2004 <5 5 <5 <5 13 13 9 46
2005 6 <5 <5 <5 9 16 20 53
2006 <5 5 0 5 9 14 26 55
2007 6 <5 0 6 7 7 20 43
2008 <5 5 <5 7 8 10 27 53
2009 8 6 <5 11 <5 10 47 80
2010 8 5 6 15 15 14 37 93
2011 11 8 12 11 9 17 48 100
2012 10 24 16 20 23 12 43 121
2013 7 16 14 24 19 20 31 112
2014 15 22 22 29 21 26 39 141

Notes: <5 means that the figure is under the value of 5 and is undisclosed as a result. The “Decedents” column represents unique individuals.

Deaths may occur from a single drug in isolation or from the cumulative effect of a combination of drugs. The number provided for each drug includes every occasion that the specific drug caused a death plus every time that the specific drug was felt to have contributed to a death when combined with other drugs.

An individual death may therefore be represented in multiple columns if more than one drug was involved, i.e. if the death resulted from a combination of codeine, fentanyl and oxycodone the death would be represented in each of these drug columns.

In contrast, the “Decedents” column is the count of individuals who died from drug toxicity whether from one drug or a combination of drugs, thus, this total may be lower than the combined total of the individual drug columns for any given year.

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Coroners Inquests

Overview of Inquests

An inquest is a public hearing conducted by a coroner before a jury of five community members. Inquests are held for the purpose of informing the public about the circumstances of a death. Although the jury’s conclusions are not binding, it is hoped that any recommendations suggested, if implemented, will help to prevent deaths in similar circumstances.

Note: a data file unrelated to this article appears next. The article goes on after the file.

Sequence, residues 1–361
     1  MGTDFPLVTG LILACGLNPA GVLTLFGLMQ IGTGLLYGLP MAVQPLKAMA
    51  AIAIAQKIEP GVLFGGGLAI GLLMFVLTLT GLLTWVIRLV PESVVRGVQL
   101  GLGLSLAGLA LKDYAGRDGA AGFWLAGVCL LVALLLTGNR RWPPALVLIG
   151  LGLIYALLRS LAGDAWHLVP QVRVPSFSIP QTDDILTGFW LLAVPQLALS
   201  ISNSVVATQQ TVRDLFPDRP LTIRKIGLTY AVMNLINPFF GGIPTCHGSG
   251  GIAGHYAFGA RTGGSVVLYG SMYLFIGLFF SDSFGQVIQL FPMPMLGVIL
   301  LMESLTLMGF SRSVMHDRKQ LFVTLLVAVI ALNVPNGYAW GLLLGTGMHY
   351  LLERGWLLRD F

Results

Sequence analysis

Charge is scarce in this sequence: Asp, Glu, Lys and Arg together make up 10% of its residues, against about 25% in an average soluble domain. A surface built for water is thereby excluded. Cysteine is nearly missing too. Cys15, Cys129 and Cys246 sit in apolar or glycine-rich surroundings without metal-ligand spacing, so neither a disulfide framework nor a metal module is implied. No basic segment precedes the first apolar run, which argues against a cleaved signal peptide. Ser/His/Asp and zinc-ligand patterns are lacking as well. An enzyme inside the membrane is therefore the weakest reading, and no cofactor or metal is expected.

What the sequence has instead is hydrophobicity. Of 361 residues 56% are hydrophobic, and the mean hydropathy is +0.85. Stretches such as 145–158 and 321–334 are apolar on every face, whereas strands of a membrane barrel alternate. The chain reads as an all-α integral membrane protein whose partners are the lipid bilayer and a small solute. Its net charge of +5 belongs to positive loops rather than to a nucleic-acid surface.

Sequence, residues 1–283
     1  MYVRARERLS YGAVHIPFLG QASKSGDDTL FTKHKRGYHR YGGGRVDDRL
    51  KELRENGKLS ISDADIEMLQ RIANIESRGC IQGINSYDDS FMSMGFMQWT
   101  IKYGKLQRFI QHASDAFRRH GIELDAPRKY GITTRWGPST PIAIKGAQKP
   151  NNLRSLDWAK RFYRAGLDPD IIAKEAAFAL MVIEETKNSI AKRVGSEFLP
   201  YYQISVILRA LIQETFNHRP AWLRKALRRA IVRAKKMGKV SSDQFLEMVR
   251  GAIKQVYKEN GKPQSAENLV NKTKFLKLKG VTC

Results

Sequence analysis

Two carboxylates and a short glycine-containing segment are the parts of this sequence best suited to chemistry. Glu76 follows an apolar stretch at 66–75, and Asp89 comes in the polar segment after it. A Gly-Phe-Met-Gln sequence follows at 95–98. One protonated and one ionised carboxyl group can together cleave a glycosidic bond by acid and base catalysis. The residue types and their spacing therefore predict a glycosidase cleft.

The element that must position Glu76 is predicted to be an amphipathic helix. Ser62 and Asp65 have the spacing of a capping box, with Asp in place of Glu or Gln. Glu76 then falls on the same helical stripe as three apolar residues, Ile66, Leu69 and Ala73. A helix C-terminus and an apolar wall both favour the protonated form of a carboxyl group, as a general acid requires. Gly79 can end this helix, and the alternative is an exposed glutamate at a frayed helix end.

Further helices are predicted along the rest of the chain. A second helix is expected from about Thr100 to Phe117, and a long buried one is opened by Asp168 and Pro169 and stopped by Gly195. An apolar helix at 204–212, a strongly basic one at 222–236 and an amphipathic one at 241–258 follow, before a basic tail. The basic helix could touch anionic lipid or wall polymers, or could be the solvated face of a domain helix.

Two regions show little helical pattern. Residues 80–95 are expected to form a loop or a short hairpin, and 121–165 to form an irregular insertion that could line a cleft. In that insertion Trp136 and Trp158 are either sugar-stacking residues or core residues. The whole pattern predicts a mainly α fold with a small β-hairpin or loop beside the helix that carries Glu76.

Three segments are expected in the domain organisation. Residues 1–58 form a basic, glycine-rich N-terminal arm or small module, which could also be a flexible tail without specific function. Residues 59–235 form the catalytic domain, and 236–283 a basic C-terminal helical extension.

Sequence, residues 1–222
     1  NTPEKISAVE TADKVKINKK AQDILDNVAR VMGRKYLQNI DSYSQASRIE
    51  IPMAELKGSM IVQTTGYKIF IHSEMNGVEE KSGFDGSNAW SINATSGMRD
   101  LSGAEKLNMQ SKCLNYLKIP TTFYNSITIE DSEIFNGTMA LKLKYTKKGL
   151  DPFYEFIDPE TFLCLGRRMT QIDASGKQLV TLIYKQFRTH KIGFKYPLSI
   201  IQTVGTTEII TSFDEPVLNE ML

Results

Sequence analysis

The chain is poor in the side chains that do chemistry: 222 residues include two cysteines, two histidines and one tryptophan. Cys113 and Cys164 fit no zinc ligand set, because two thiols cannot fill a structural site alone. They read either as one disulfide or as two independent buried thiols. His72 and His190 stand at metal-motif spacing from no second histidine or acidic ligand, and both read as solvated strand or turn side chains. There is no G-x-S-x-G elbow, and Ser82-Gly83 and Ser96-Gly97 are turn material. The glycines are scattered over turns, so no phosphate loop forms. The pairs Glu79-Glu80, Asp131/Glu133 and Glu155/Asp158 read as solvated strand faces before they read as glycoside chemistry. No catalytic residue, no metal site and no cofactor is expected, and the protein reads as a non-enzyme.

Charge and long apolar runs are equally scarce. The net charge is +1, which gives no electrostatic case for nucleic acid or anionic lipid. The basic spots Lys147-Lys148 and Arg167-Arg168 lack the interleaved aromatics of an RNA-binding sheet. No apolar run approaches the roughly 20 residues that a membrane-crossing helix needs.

When is an Inquest called?

There are two types of inquests: mandatory and discretionary. Mandatory inquests are conducted pursuant to legislative requirements under the Coroners Act. Deaths that occur as a result of an accident in the course of employment at construction sites, mines, pits or quarries are subject to mandatory inquests. Inquests are also mandatory in cases where a death occurs while a person is in custody or being detained (unless the death is from natural causes and the person has been committed to a correctional institution. These deaths must be investigated by a coroner, but the decision to hold an inquest into the death is discretionary.) The death of a child as a result of a criminal act of a person who has custody of the child may be the subject of a mandatory inquest if certain circumstances are met. If a psychiatric patient dies while being physically restrained and while being detained in a psychiatric facility or hospital, a mandatory inquest is also held. All other inquests are considered discretionary and may be conducted in accordance with section 20 of the Coroners Act. There is no time limit between the date of death and the convening of an inquest.